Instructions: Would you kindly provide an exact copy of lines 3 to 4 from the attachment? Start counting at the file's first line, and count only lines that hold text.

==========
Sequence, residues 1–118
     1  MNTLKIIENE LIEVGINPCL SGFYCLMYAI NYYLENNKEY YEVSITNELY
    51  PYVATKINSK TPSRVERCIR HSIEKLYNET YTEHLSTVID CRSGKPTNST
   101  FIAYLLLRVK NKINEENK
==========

    51  PYVATKINSK TPSRVERCIR HSIEKLYNET YTEHLSTVID CRSGKPTNST
   101  FIAYLLLRVK NKINEENK